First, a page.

Read also: Fresh Grads – What to Know About the Gig Economy in Singapore
- During lockdown in 2020, jobs and income were thrown into jeopardy. Two years later, many countries’ job vacancies are at an all-time high. (Employment Hero).
- A 2021 study found that close to 6 in 10 (59%) Singaporean employees planned to seek a new role within the next 12 months. (Employment Hero)
- Globally, 43% of employees agree that COVID-19 has shrunk the importance they place on their careers. 25% don’t agree that COVID-19 has decreased the importance they place on their careers. (Employment Hero)
- In Singapore, the statistics are more pronounced. 49% of employees locally agree that COVID-19 has decreased the importance they put on their careers, while only 18% do not agree that COVID-19 has reduced the importance they place on their careers. (Employment Hero)
This then begs the question: if workers place less importance on their career, has there been a drop in performance at work?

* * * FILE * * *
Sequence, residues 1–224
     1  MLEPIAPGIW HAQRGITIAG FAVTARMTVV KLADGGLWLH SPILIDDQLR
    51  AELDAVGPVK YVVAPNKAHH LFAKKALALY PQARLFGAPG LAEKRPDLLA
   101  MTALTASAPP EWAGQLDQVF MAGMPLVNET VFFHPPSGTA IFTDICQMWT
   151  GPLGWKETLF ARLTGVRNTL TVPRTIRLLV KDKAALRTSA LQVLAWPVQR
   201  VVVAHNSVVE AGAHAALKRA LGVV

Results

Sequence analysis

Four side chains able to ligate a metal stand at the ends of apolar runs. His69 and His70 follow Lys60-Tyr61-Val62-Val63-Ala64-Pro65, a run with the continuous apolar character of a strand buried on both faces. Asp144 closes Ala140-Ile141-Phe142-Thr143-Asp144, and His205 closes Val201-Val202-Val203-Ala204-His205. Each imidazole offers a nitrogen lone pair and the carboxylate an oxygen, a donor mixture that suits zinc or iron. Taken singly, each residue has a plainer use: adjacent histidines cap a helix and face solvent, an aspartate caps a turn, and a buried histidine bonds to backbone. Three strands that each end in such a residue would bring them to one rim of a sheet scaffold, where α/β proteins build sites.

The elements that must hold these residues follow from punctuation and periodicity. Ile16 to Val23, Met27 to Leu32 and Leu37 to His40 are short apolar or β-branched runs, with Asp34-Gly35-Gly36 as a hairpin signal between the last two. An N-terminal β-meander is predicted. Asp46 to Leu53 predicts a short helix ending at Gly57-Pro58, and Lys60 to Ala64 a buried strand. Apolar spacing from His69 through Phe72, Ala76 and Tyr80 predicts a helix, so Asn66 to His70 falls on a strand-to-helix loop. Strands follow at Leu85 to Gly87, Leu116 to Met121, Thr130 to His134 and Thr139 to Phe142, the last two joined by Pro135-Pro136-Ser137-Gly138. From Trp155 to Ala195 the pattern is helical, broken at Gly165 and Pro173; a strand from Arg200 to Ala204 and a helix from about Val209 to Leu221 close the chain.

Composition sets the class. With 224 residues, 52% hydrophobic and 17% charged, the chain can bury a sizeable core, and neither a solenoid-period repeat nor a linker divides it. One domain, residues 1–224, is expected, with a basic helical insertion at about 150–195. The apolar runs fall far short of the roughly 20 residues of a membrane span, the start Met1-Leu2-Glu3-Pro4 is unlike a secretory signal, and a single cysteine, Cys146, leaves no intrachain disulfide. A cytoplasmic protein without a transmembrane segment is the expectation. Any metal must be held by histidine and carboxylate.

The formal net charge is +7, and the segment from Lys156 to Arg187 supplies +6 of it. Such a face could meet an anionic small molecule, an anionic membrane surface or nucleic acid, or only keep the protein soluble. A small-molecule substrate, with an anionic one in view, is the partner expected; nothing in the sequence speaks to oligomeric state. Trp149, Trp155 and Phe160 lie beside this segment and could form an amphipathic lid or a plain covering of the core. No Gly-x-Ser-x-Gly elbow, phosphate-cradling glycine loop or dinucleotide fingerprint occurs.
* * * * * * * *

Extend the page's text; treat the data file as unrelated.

- According to the same study, 65% of employees in Singapore believe that the work they do is still meaningful, despite placing less importance on it. (Employment Hero) This might mean that while the employee experience is meaningful, many workers are questioning the role of work in their lives.
Happy Workers Work Harder
- There is no doubt that happy workers are more productive, according to research from the University of Warwick. There, economists ran experiments to test the idea that happy employees work harder. They discovered happiness made people around 12% more productive. (Warwick)
- Psst, most importantly, happier workers earn more money. Also, the income-generating capacity of happier individuals is greater than sad individuals. (University of Western Sydney)